Accommodation

Small town Canadian Exchange

Harriet L., Bachelor of Business/Exercise and Movement Science
Dalhousie University, Canada (Semester 1, 2018)

My semester exchange at Dalhousie University was nothing short of life-changing. I met some amazing people, saw some incredible things and had some unforgettable experiences. That’s not to say exchange was all smooth sailing, however.

My first week in Halifax was probably the loneliest of my life. I knew absolutely nobody, my roommate had gone home for a few weeks before class started and orientation didn’t start for another week from when I touched down. Once orientation started, however, I quickly found a group of people who I became fast friends with and who I stayed friends with until the conclusion of the exchange. Ironically our group comprised of 4 Aussies, 5 Brits and a token German (just so we didn’t seem too uncultured). On the second day of orientation we won the international trivia competition (the first thing I’ve ever won in my life) which got us a bunch of free Dalhousie gear including hoodies and caps! From here our friendship was formed and together we planned many trips away to visit various areas of Nova Scotia and Canada. Our first of which was for my birthday – we decided to rent a lake house about an hour’s drive from Halifax and spend a weekend there. It was absolutely beautiful – particularly in autumn as the leaves were changing colour! A recommendation for anybody wanting to rent a car – Hertz rents to anybody over 20 and their rates weren’t too expensive. Between the 10 of us it ended up being about $20 each for the whole weekend hire! Throughout the semester, we also took trips to a pumpkin picking farm (a specialty for Thanksgiving), Prince Edward Island and Montreal.

Dalhousie itself was very welcoming – the orientation activities really helped facilitate friendships and get us acclimated to Halifax life. Throughout the semester the international centre also planned lots of activities for us including a trip to see the Mooseheads hockey team play (DO NOT EVER SAY ICE HOCKEY, Canadians will look at you like you’re crazy), build gingerbread houses and a handful of pizza parties. The class structure was a little different to QUT in that none of the resources were really posted online so if you missed a lecture you basically had no way to catch up unless you went to see the professor in person. Assessment wise I found it much easier than home – they tended to give ongoing assessment so everything was worth less but was less stressful and could be completed last minute if you forgot about it (not that I ever did this of course). It was also a nice reprieve being pass/fail because it meant I could enjoy my time without being too stressed about course work. I also got involved in a few different events and sports such as Lacrosse, Halloween and Thanksgiving which were really great Canadian experiences. There was also a university event called Homecoming in which everyone dressed up in their Dalhousie gear, hung out all day and then went to the men’s hockey game in the evening – it really made us feel like true Canadians!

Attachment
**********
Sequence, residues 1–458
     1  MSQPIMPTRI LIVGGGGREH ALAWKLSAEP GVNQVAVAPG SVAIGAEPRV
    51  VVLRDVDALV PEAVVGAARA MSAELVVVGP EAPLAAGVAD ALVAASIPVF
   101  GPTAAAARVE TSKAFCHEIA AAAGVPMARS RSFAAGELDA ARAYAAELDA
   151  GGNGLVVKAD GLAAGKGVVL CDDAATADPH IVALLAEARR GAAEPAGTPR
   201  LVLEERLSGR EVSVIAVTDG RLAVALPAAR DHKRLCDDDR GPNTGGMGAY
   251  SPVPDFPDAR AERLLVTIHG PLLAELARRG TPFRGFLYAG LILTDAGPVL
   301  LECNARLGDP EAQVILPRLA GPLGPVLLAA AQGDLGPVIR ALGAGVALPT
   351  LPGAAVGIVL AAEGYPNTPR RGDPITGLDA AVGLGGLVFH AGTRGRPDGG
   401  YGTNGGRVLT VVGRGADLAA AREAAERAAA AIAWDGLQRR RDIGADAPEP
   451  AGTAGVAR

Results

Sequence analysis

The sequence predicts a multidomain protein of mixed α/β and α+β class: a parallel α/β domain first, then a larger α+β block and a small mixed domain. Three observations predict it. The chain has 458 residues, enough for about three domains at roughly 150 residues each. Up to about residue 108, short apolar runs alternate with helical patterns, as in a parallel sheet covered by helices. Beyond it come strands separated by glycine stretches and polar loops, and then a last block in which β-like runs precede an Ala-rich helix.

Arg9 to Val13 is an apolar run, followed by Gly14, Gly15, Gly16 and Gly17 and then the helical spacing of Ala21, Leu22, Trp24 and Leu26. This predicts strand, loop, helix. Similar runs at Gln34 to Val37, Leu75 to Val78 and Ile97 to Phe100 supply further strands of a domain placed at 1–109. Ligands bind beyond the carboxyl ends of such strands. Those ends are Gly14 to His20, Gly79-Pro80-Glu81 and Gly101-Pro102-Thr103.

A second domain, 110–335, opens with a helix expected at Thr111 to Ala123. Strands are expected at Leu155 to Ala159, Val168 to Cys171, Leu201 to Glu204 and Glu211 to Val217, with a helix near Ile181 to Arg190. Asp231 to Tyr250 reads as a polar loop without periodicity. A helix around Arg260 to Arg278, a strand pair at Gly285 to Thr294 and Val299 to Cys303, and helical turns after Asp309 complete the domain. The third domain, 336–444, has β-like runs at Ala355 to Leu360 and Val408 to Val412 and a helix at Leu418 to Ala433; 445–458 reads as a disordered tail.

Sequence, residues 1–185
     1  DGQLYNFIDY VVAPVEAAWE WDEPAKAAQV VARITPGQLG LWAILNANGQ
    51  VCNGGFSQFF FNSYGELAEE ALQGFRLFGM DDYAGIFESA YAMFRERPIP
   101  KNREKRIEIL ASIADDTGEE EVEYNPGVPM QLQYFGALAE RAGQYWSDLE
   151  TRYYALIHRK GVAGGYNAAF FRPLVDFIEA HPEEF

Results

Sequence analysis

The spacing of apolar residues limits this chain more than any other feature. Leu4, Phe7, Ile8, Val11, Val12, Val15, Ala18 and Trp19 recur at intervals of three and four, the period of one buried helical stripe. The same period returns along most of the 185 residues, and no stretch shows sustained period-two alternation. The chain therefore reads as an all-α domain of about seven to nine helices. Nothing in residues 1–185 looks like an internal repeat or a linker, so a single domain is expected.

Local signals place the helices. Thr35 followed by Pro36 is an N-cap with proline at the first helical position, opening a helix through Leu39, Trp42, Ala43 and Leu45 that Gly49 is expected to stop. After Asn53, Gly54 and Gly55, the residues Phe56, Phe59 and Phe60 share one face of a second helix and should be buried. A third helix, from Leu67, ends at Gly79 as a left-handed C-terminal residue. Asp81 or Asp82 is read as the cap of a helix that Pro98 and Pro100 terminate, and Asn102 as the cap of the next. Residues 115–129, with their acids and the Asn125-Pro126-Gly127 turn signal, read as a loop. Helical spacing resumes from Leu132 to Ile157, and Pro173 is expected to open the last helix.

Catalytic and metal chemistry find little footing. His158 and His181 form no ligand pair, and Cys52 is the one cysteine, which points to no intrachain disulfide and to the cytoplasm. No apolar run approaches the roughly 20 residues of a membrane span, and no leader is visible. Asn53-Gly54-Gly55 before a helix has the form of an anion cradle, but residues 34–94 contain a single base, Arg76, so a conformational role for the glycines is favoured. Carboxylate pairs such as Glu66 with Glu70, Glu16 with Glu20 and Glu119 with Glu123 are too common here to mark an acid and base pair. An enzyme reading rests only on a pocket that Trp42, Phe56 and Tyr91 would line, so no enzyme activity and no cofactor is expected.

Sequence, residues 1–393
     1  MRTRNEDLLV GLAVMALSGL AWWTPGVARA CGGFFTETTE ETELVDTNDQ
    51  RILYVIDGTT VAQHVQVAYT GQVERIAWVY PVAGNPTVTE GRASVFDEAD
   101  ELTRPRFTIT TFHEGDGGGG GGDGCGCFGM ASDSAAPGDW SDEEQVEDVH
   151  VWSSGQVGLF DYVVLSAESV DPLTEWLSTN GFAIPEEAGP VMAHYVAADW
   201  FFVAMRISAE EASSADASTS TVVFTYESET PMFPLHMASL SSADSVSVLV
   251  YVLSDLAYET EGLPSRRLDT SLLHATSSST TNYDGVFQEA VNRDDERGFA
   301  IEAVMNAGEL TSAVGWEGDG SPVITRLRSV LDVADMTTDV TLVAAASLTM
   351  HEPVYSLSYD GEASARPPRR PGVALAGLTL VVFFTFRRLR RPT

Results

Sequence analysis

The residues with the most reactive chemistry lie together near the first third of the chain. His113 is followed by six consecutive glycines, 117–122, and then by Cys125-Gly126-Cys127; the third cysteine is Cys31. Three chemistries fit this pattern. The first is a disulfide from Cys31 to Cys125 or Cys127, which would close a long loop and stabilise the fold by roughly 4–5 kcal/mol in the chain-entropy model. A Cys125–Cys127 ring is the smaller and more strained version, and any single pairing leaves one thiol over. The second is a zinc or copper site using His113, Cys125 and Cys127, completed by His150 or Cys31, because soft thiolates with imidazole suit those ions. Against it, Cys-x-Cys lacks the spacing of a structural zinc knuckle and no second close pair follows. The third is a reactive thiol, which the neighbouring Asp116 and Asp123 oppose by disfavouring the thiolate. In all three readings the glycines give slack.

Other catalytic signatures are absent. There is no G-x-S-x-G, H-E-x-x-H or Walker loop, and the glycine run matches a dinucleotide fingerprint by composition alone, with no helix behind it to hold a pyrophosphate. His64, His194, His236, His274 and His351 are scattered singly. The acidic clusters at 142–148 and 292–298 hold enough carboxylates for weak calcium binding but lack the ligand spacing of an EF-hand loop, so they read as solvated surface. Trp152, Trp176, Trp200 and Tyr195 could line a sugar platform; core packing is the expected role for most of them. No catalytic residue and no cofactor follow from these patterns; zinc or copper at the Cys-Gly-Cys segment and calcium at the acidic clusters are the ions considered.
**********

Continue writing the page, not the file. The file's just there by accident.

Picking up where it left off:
Halifax is a very walkable city. My apartment was about a 10 minute walk from campus and, of my friends, I was actually the furthest from campus. The bus system is also pretty good for getting downtown or local hiking tracks. Students get a good deal too – you pay a lump sum at the start of semester which lets you ride the bus all year and if you leave before the year’s up then you get half back (as I did). The people are really nice and helpful, there’s a real sense of community and, being a small town of less than 500k, it has a really homely feel which I got used to quite quickly. Food in grocery stores is comparable to Brisbane but going out can be quite expensive. In Nova Scotia, the tax is 15% and then it’s also expected that you tip 15% so the price you see on the menu is never even close to what you end up having to pay!

My top tips for exchange would be to not worry about money too much – just say yes to every experience you possibly can, it’s a once in a lifetime thing for most people after all! Try to make friends with people who want the same things out of their exchange – for me it was a group who wanted to do spontaneous weekend trips and hikes. Most of all, if you are having a tough time remember that there’s likely someone on exchange feeling the exact same way so just get out there and talk to people!

Write A Comment